You want to bet that "The Verdict" wins the Academy Awards?

Well, you can't.

Handicappers in Las Vegas have announced the odds on the top Oscars this year. Paul Newman is even money to win his first statuette for best actor in the film, narrowly favored as the best of 1983.

But then Ben Kingsley is 6-5 for "Gandhi," Dustin Hoffman is 9-5 for cross-dressing in "Tootsie," and you can take a flier on Peter O'Toole ("My Favorite Year") at 3-1, Jack Lemmon ("Missing") at 9-1, Sylvester Stallone ("Rocky III") at 15-1 and Richard Gere for "An Officer and a Gentleman" a sporty 20-1.

It's tighter in the women's division: Meryl Streep ("Sophie's Choice") and Jessica Lange, who scored both in "Frances" and "Tootsie," are tied for best actress, followed by Debra Winger ("Officer") at 3-1, Sissy Spacek ("Missing") 5-1 and Julie Andrews in another crossdresser, "Victor Victoria," at 14-1.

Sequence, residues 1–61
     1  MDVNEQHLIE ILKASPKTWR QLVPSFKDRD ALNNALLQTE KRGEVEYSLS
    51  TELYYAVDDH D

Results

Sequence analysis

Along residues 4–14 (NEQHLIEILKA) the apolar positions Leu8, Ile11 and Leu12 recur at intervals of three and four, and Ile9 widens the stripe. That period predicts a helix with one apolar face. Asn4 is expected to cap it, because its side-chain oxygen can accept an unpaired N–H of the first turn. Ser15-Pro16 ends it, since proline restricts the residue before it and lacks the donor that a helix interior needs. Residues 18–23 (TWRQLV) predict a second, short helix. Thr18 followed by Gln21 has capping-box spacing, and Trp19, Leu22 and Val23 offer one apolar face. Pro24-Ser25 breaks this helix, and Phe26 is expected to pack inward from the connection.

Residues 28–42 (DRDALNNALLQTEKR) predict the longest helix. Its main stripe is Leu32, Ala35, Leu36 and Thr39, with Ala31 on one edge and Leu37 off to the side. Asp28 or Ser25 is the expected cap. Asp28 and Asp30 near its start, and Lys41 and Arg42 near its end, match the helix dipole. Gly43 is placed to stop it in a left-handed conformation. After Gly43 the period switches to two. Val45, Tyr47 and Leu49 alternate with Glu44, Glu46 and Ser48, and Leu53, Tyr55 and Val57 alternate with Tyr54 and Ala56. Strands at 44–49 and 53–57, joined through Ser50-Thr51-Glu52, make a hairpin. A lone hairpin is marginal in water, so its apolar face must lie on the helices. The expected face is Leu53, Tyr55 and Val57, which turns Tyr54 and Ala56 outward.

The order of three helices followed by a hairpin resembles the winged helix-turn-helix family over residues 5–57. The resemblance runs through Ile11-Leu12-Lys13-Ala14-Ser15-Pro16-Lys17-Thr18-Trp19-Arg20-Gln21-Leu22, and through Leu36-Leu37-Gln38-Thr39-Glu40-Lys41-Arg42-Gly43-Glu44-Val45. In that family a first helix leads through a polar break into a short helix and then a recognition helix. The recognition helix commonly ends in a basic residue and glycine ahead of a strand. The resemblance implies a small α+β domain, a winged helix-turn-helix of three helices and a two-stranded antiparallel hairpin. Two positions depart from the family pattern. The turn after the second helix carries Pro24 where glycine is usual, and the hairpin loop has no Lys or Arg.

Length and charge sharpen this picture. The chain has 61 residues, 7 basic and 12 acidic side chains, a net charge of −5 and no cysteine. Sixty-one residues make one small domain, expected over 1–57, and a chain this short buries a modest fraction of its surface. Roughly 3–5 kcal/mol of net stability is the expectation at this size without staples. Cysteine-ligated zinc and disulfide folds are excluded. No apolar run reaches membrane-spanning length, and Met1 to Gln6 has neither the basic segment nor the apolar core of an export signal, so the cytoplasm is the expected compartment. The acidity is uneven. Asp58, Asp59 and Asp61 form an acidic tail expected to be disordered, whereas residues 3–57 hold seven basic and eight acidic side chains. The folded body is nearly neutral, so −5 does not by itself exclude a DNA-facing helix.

This is all very nice, but no one is actually putting money on it. The problem is Nevada laws, which, surprisingly enough, turn out to be very strict on the point.

"I put out odds on who shot J.R. in 'Dallas' a couple years ago," says Sonny Reisner, oddsmaker for The Castaways Hotel in Las Vegas, "and we were taking bets on it--like Lloyds of London will accept bets on almost anything. But the State Gaming Board stopped it because it wasn't a sporting event. It's got to be a sporting event."

So it's all just for fun. The actual odds are the creation of Lenny Del Genio, oddsmaker for the Frontier Hotel, who says he and his staff worked them out by consulting various experts in the movie industry and by going to the pictures themselves. "We got a consensus on it," he says. "But it's only for information."

So here's the rest of the information: Best supporting actress: Teri Garr in "Tootsie," 4-1; Lainie Kazan for "My Favorite Year," 8-1. Best supporting actor: James Mason in "The Verdict," 4-5; Lou Gossett Jr. in "Officer," even money; Robert Preston in "Victor," 6-1; Henry Thomas for "E.T.," 7-1; Steve Guttenberg for "Diner," 10-1; and Michael Keaton for "Night Shift," 15-1.